April 18, 2019
The United Kingdom’s Competition and Markets Authority has released the final version of a long-awaited report on changes in the audit market, recommending separation of audit from consulting services, mandatory “joint audits” to enable firms outside the Big Four to develop the capacity needed to review the U.K.’s largest companies, and the introduction of statutory regulatory powers to increase accountability of companies’ audit committees.
The report suggested that legislation is needed to address both the vulnerability of the industry to the loss of one of the Big Four and the current inadequate amount of choice and competition in the audit market.
The CMA’s recommendations come after extensive discussions with audit firms, investors and major U.K. companies for an update paper it issued in December. The suggestions also take account of recommendations in a major report from the Business Select Committee and an inquiry into regulation.
“People’s livelihoods, savings and pensions all depend on the auditors’ job being done to a high standard,” said CMA chairman Andrew Tyrie in a statement. “But too many fall short — more than a quarter of big company audits are considered substandard by the regulator. This cannot be allowed to continue. The government now has three reports to hand. In large part, they come to similar conclusions. Conflicts of interest cannot be allowed to persist, nor can the U.K. afford to rely on only four firms to audit Britain’s biggest companies any longer. Early action will require legislation — hence the CMA’s proposals.”
The report recommended that auditors should focus exclusively on producing the most challenging and objective audits, rather than being influenced by their much larger consultancy businesses. Given the difficulties with an immediate global structural split, however, the report recommends at this stage an operational split of the Big Four’s U.K. audit work. The CMA pointed out this would require separate management, accounts and remuneration: a separate CEO and board for the audit unit; separate financial statements for the audit practice; an end to profit-sharing between the auditing and consulting practices, and promotions and bonuses based on the quality of the audits.
The report also calls for “joint audits” between the Big Four and smaller auditing firms to provide more choice and competition for the audits of big businesses, but acknowledged the barriers to entry for “challenger” audit firms are currently large. The CMA recommended mandatory joint audit to increase the capacity of challengers to increase choice in the market and thereby increase audit quality. It said the challenger firms should work alongside the Big Four on these joint audits and should be jointly liable for the results.
The report also said there should be initial limited exceptions to the requirement, based on criteria set by the regulator, focused on the largest, most complex companies. On top of that, any company choosing a sole “challenger” auditor should be exempt.
Audits of exempt companies would be subject to rigorous, real-time peer reviews commissioned by and reporting to the regulator. The joint audit requirement would remain in place until the regulator determines that choice and competition have improved enough to address the vulnerability of the market to the loss of one of the Big Four.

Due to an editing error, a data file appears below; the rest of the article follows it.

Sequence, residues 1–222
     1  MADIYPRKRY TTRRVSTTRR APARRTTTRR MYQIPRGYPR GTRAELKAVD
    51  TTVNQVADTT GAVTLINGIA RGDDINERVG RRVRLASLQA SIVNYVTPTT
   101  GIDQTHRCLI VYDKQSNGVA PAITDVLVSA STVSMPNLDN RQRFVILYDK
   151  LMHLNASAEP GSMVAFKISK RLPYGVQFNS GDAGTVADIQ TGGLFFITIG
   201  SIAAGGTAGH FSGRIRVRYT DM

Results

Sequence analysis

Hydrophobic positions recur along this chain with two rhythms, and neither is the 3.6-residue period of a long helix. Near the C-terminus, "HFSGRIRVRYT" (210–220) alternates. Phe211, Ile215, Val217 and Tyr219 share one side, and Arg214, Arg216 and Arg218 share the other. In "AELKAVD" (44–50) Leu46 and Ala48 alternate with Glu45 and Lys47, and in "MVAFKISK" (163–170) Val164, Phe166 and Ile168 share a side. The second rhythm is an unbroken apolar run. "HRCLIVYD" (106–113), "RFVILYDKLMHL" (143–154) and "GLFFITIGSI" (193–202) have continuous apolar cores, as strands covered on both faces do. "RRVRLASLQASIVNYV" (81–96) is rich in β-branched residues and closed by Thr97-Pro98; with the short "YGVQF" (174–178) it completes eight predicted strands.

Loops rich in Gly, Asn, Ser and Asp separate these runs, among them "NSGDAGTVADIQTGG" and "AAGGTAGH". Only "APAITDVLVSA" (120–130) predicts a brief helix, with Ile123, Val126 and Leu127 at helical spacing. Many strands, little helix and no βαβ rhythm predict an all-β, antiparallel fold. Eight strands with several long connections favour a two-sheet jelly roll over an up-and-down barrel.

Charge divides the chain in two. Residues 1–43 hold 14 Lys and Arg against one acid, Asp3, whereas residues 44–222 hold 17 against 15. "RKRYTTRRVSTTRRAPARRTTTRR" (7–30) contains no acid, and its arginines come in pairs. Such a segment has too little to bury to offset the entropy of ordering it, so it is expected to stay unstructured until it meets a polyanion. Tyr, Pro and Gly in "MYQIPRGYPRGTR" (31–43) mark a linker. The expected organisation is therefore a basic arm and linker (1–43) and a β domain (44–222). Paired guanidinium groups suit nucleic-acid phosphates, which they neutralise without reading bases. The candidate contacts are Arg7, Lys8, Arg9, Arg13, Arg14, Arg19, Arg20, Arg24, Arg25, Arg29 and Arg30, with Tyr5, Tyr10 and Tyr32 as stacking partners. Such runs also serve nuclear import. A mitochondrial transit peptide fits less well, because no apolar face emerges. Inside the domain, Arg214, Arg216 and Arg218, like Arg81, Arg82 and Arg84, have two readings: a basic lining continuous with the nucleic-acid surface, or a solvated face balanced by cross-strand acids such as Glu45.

“The U.K. is recognized as having a strong history in the fields of corporate governance and accounting,” said CMA chief executive Andrea Coscelli in a statement. “Our recommendations, along with improvements to regulation and clarifying the purpose and scope of audits, will ensure the U.K. strengthens its position.”
The report also calls for more involvement by the audit committees at companies, pointing out that it’s essential for audit committees to choose auditors by seeking those who are likely to provide the most robust and constructive challenge to the accounting practices of their companies. The CMA recommended that regulators should hold audit committees more accountable, ensuring committees report their decisions as they hire and supervise auditors, and that the regulator issues public reprimands to companies whose committees fall short of adequate scrutiny of their auditors.
The report said the regulator should review the effects of these changes periodically, initially five years after full implementation of them. It should consider the merits of moving to independent appointment for auditors; whether to go beyond the operational split already proposed; and how to fine-tune the joint audit remedy to adapt to market developments.
The CMA’s final report, and further information relating to the market study, are available on the audit market study case page.
In the U.S., the Center for Audit Quality reacted to the report. “We recognize that other countries around the world have different regulatory, governance and capital markets systems,” said a statement Thursday from the CAQ. “For instance, while we support objectives to increase choice and competition in the UK audit market, we believe some of the reforms being proposed could lead to unintended consequences, with the potential risk of lower audit quality, damage to U.K. competitiveness, and reduced resilience of the audit sector. In addition, in today’s rapidly evolving global business environment, it is more important than ever that the full breadth and depth of audit firms’ subject-matter expertise, supported by the multidisciplinary business model, continue to serve as a crucial foundation for delivering the highest quality audits. These skills enable auditors to fully understand and evaluate the broad array of business risks necessary to execute high-quality audits that meet the needs of investors and strengthen confidence in our capital markets.”